Some criticize municipalities and the U.S. Environmental Protection Agency for not doing more to protect drinking water and make it as safe as possible for human consumption. “My opinion is the standards aren’t strong enough,” says Andrew John Wilson, president of highly ratedAngel Water, a licensed plumbing company based in Barrington, Illinois, that specializes in water treatment.
But while cautioning against being alarmist — with contaminants typically found in trace amounts in water samples — experts say consumers can take steps in their homes to further protect the quality of the water pouring from the faucet. That’s true whether it’s treated and piped in by a utility or taken from an aquifer deep underground.
What you can do at home
Recommendations start with having samples of well water — a drinking source for approximately 15 percent, or more than 1 and 7 Americans, according to the EPA — tested every year or two by a state certified environmental testing lab. “It’s Mother Nature. She changes every day,” Wilson says. “That’s why the EPA, the Department of Health [local and state], they all recommend regular testing.”
Consider also testing for specific contaminants if you have concerns about drinking water supplied by a utility. “We don’t do the test, because the EPA says don’t trust the company that does both,” Wilson says. He advises similarly: Go to an independent lab, rather than relying on the same company to test your water that could also provide a fix should a problem arise, such as treating the well or adding a filtration system — a conflict of interest that could slant testing results.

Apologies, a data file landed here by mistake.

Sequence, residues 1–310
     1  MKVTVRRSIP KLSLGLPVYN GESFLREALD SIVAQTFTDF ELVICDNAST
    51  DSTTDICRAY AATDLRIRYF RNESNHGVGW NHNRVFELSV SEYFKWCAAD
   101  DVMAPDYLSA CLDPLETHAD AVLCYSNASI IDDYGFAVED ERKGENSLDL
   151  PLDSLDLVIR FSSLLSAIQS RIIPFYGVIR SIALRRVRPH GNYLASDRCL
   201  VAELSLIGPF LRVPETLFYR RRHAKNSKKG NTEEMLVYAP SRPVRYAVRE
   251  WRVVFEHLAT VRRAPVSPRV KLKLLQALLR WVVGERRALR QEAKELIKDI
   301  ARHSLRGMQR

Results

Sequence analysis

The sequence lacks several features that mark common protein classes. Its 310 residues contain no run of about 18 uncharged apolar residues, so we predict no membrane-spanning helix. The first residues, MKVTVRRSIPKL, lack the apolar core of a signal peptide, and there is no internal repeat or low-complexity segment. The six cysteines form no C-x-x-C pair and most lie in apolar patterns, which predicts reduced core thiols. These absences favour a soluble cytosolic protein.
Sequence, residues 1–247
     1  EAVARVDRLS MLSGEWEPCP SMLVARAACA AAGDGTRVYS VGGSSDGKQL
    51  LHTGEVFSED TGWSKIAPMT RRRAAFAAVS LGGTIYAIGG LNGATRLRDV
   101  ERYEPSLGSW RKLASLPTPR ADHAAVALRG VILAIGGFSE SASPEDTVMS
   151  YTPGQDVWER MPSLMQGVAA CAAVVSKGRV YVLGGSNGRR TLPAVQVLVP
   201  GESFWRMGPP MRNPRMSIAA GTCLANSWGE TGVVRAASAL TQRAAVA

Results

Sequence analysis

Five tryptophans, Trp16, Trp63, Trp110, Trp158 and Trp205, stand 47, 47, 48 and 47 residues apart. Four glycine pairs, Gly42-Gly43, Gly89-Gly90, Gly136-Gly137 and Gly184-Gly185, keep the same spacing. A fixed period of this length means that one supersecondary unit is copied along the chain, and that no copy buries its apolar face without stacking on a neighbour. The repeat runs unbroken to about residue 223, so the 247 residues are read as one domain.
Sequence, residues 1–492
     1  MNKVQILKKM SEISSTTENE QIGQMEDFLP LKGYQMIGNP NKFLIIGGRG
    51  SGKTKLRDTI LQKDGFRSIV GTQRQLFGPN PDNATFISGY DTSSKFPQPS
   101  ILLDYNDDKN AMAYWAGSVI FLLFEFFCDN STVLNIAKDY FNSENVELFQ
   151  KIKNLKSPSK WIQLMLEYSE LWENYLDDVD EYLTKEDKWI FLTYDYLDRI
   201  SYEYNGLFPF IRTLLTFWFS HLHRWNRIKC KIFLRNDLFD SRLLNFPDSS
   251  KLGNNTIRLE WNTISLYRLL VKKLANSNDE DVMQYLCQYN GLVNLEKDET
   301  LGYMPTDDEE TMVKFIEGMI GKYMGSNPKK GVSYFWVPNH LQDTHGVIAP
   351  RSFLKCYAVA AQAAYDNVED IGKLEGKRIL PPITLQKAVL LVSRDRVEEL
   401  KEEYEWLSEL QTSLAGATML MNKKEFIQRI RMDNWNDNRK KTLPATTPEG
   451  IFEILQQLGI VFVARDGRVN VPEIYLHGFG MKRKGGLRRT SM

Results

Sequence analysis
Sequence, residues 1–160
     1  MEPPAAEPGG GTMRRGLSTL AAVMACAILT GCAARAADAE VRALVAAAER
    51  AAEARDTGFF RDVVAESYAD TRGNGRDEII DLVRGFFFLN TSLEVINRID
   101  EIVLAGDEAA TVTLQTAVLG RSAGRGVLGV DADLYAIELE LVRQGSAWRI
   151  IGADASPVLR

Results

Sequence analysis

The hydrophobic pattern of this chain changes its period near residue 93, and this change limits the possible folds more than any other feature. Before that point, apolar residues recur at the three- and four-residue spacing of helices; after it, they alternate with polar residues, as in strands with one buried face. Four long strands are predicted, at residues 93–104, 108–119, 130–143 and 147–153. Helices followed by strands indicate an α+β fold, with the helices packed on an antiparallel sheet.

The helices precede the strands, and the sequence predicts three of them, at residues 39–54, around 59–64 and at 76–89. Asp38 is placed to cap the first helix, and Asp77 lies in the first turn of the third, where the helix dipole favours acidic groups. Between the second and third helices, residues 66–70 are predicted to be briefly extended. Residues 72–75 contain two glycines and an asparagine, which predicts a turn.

A test for well water, such as to check for contaminants like coliform, runs about $300, Wilson says.
If you drink municipal water, you should receive an annual water quality report by July 1 of each year. This details where your water comes from and what’s in it, as required by the EPA, including any violations that indicate the presence of contaminants at levels higher than EPA-set maximums. Haven’t received it? “I would urge consumers to be in contact with their local water utilities every year and ask for the most recent water quality report,” Formuzis says. He suggests reviewing the information carefully.
Armed with that knowledge, you can take the next step in your kitchen.
“Filtering your water is always a good idea, no matter where you live in this country,” Formuzis says. “Contaminants are in tap water, even after they’ve gone through filtration and treatment through the local utility, so there’s an extra line of defense.”
Read more: How to keep your drinking water safe
Wilson, whose company sells water filtration systems, thinks that reverse osmosis systems — widely considered the most effective method for purifying water in homes — will become much more common.
“They’re going to be like microwaves — in every home,” Wilson says.